i think you’ve made a couple of good points but… it’s finding the time to actually look into making a transition from one to another, ie from web developer to marketeer for example.

    as for clients, well… there are times you just want to slap the little… … …

  • http://www.adammessinger.com/ amessinger

    What has me scratching my head is this:

    Plus, I end up owning the sites and content sold on those sites, the way a publisher owns a book. So I build up an asset with long-term value.

    Based on all the legal advice I’ve read, independent contractors typically perform their duties as “works made for hire,” meaning that the copyright of anything they produce — branding materials, web site content, advertising copy, etc. — is given over to the client upon completion of the contract. I know I sure wouldn’t hire a web designer, publicist, or marketing expert who was going to make off with my intellectual property and all the profits it generates.

    If you’re playing the role of publicity and marketing expert, the typical arrangement that I’ve heard of is for the consultants that work for individual professionals (such as agents and publicists) to take a percentage cut of the income they help generate. Literary agents work the same way in the world of publishing.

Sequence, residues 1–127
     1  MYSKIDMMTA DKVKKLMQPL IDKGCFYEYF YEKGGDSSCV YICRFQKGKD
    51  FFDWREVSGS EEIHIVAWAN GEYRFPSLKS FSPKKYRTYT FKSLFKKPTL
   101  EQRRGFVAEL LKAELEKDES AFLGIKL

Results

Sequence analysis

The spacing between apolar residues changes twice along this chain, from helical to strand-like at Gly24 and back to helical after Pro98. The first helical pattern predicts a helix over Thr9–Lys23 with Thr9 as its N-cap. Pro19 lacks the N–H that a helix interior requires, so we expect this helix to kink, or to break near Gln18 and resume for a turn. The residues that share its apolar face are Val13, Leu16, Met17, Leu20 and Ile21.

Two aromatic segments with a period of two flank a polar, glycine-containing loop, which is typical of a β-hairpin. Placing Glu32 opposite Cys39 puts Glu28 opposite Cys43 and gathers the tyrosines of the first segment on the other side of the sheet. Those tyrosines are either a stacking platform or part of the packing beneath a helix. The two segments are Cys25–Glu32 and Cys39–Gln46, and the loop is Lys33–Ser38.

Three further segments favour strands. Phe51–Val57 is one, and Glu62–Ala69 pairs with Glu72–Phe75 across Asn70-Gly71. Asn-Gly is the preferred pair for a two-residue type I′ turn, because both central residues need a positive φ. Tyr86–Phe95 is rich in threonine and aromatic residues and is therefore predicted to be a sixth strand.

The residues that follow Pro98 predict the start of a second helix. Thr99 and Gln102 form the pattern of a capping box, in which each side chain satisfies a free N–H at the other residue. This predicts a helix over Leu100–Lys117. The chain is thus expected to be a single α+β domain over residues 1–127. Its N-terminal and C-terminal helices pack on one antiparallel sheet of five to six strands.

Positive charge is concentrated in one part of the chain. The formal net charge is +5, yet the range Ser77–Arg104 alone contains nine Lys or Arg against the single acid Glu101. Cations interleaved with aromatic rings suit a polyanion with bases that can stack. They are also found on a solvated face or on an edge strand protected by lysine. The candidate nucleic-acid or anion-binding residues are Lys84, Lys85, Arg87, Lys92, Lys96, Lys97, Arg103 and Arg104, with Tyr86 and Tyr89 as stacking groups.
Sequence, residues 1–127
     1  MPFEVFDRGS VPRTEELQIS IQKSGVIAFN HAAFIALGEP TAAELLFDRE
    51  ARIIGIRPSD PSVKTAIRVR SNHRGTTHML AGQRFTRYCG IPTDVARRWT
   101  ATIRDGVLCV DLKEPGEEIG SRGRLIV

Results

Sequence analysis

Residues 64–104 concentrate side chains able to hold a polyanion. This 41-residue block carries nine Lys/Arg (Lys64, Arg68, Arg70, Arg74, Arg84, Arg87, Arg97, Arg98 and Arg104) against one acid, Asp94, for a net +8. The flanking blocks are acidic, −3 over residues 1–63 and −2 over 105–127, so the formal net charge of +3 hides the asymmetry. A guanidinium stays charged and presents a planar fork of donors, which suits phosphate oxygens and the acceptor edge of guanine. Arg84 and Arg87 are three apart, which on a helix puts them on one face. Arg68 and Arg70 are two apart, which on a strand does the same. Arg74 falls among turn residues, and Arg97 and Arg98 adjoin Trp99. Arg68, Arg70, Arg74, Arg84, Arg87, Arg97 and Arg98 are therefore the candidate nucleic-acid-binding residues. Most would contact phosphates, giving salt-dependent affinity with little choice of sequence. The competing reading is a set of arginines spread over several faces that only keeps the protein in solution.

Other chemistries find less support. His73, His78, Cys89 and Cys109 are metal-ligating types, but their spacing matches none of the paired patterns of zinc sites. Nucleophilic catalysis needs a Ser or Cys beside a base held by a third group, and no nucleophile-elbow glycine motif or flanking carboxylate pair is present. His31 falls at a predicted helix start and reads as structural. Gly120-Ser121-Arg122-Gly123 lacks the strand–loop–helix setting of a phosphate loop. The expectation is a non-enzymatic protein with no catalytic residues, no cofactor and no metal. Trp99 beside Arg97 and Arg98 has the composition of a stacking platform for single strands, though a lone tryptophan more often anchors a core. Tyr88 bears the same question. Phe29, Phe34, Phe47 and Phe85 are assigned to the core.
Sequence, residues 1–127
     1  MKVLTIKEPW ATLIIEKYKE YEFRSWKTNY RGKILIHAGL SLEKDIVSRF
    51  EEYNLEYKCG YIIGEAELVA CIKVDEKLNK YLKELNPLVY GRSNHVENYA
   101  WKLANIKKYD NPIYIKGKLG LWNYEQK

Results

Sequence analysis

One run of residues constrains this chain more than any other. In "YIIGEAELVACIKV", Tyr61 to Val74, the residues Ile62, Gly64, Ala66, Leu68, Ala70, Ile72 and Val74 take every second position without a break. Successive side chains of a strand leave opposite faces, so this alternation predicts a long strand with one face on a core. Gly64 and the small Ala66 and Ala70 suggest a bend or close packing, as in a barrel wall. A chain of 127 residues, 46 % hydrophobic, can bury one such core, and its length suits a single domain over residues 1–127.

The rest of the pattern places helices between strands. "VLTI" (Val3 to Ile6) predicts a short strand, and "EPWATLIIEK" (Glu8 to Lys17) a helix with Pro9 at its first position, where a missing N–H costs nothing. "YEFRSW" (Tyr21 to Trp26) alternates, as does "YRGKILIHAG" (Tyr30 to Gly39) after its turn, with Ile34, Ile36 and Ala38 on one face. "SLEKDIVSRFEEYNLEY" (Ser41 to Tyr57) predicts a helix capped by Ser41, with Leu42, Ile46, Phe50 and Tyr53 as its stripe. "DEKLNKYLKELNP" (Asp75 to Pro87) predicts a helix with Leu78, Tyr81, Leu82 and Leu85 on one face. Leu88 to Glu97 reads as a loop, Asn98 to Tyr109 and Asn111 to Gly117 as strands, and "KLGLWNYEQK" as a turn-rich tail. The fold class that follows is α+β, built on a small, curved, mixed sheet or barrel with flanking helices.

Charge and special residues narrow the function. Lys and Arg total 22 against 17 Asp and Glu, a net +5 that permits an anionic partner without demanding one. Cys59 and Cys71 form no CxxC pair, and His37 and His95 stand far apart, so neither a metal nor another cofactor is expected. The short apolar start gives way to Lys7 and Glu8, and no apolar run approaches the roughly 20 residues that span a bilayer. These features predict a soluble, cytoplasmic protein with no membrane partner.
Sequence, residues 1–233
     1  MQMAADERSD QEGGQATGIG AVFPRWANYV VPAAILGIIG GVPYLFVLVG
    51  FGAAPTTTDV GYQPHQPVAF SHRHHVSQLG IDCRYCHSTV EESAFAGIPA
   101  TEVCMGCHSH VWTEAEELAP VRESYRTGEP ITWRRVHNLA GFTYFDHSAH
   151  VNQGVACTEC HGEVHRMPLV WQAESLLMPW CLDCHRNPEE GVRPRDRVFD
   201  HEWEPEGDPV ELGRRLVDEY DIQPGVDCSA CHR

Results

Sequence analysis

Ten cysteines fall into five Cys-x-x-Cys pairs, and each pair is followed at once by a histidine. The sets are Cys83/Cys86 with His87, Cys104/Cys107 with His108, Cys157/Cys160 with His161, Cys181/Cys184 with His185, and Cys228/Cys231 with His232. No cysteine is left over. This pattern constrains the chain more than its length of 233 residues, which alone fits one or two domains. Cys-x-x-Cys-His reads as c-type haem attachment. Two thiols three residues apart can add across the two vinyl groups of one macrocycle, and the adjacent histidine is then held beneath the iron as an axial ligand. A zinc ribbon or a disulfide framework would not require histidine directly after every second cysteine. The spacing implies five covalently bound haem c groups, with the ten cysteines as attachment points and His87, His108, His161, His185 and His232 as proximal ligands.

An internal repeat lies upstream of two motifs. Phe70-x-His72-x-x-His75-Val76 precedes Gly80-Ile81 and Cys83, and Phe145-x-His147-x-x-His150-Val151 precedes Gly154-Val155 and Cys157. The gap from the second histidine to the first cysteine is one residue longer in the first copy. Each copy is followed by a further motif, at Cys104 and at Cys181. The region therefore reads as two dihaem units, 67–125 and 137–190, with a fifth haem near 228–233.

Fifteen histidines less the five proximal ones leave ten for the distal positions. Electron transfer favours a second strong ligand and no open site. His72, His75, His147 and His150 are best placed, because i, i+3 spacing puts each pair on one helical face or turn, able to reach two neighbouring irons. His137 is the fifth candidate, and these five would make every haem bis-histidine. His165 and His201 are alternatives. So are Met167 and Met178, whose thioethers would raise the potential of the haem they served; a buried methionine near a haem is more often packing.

Contracts with companies or non-profit organizations would necessarily function differently, of course. For example, the fundraising consultant hired by the private college where I work was paid at a (very high) hourly rate.

    Your claim that “a publisher owns a book” is also highly dubious. In the world of fiction publishing, the author always retains copyright. This is something professional writers have insisted on and fought for, having seen the negative effects of the loss of IP rights by musicians to the recording industry.

    The situation is more variable in non-fiction. Grabbing the non-fiction books closest to me at the moment I find that Dan Cederholm retained the copyright to “Bulletproof Web Design”; Jeremy Keith holds the rights to his “DOM Scripting”; and the three authors of “The Design of Sites: Patterns, Principles, and Processes for Crafting a Customer-Centered Web Experience” have also retained their copyright to the work. On the other hand, the rights to “Adobe Creative Suite 2 for Dummies,” “InDesign CS2 for Dummies,” and “Photoshop CS2 for Dummies” are all held by Wiley Publishing, Inc.

    Maintaining all rights to the books they publish is probably part of Wiley’s standard contract, and because the “For Dummies” series is so well known they can pull it off. To the authors, it’s worth the trade to be seen as among the premiere experts in their field; the loss of copyright is a marketing investment on their part. However, few if any independent consultants could convince a legally savvy client to make such a bargain.

  • Anonymous

    . As a web publisher. For many professionals, I design their website for free. I even write books for them. In some cases, I hire a video professional to videotape them during lectures or demonstrating their expertise. I put up all of the money. Why? Because I get 90% of the sales.